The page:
Petition for Writ of Review District Court of Natrona County, The Honorable David B. Park, Judge.
The opinion of the court was delivered by: Kite, Chief Justice.
Before KITE, C.J., and GOLDEN, HILL, VOIGT*fn1, and BURKE, JJ.
[¶1] Vanessa Sorensen co-owned a vehicle with Jean C. Larramendy III. Jean Larramendy Jr. was driving the vehicle when he collided with another vehicle being driven by State Farm Mutual Auto Insurance Company's (State Farm) insured. The Sorensen/Larramendy vehicle was uninsured at the time.
[¶2] State Farm filed a complaint against Jean Larramendy III, Jean Larramendy Jr. and Ms. Sorensen.*fn2 As to Ms. Sorensen, State Farm alleged that she violated Wyoming law by failing to maintain insurance on her vehicle, its insureds sustained damages as a result and it was subrogated to its insureds' right to recover the damages from Ms. Sorensen. Ms. Sorensen moved to dismiss the complaint on the ground that there is no common law duty to insure a vehicle and Wyo. Stat. Ann. § 31-4-103 (LexisNexis 2009), the criminal statute requiring motor vehicle owners to maintain liability insurance, does not create a cause of action for negligent failure to maintain insurance. The district court denied the motion, concluding § 31-4-103 establishes the minimum standard of care and imposed a duty on Ms. Sorensen to maintain proper insurance. Ms. Sorensen filed a petition for writ of review of the district court's order denying the motion, which this Court granted. We reverse.
[¶3] In her petition, Ms. Sorensen asked this Court to review the following issues:
A. Whether Wyoming recognizes a cause of action, enforceable by private parties, for negligent failure to maintain liability insurance on a motor vehicle; and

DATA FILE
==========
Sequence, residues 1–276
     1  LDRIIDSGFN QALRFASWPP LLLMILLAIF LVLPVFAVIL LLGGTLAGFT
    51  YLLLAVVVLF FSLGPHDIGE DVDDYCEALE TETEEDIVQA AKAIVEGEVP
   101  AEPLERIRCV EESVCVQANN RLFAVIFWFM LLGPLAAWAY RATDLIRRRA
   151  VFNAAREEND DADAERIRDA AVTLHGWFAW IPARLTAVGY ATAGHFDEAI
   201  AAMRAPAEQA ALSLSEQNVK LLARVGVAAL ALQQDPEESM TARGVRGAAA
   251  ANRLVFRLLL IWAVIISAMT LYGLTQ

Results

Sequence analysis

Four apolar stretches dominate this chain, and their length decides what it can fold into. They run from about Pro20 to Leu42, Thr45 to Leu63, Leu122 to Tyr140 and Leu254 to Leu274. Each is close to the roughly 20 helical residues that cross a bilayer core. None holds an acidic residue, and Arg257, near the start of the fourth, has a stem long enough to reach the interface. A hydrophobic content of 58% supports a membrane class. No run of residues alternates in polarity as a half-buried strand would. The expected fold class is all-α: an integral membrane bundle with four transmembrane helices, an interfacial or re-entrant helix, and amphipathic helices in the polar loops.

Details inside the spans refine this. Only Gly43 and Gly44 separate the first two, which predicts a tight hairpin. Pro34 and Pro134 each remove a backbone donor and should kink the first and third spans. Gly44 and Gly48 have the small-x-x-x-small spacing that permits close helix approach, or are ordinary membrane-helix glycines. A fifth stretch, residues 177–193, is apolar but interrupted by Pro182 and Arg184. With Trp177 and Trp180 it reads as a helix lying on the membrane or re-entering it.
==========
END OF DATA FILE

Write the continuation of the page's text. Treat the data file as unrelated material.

B. Whether, as a matter of law, the failure to maintain liability insurance on a motor vehicle could be a legal cause of injuries and damages suffered in a motor vehicle crash.
[¶4] On December 3, 2004, the vehicle owned by Ms. Sorensen collided with the vehicle owned by State Farm's insureds. Ms. Sorensen was not in the vehicle at the time. Her vehicle was uninsured. State Farm's insureds sustained $36,521.61 in damages as a result of the collision. Under the terms of the uninsured motorist provision of its policy, State Farm was obligated to pay its insureds that amount.
[¶5] State Farm, as subrogee to its insureds' rights, then filed its complaint against Ms. Sorensen alleging that she was negligent in failing to insure the vehicle as required by Wyoming law, her negligence was a direct and proximate cause of its insureds' damages and it was subrogated to its insureds' right to recover the damages from Ms. Sorensen. Ms. Sorensen moved to dismiss the complaint on the grounds that, first, § 31-4-103 does not create a private right of action against the owner of an uninsured vehicle for damages sustained in a collision caused by the driver of the uninsured vehicle and, second, her failure to maintain insurance coverage on the vehicle was not the proximate cause of any damages sustained. State Farm asserted in response that § 31-4-103 created a private right of action for parties who sustain damages in collisions with uninsured vehicles, including insurance companies as subrogee of the party sustaining damages.
[¶6] After a hearing, the district court denied the motion to dismiss, holding that § 31-4-103 establishes the minimum standard of care and imposed a duty on Ms. Sorensen to maintain insurance on the vehicle involved in the collision; therefore, State Farm's complaint stated a claim upon which relief could be granted. Upon entry of the order denying the motion to dismiss, Ms. Sorensen filed a motion pursuant to W.R.A.P. 11 requesting the district court to certify the question to this Court. The district court denied the motion. Ms. Sorensen then filed a petition for a writ of review in this Court pursuant to W.R.A.P. 13. We granted the petition, finding that the questions raised in the petition involve controlling questions of law as to which there are substantial bases for differences of opinion and in which an immediate appeal from the dismissal order may materially advance resolution of the litigation. W.R.A.P. 13.02.
[¶7] The district court denied Ms. Sorensen's motion to dismiss pursuant to W.R.C.P. 12(b)(6), finding that State Farm stated a claim upon which relief can be granted. Our standards for reviewing rulings on Rule 12(b)(6) motions are well known: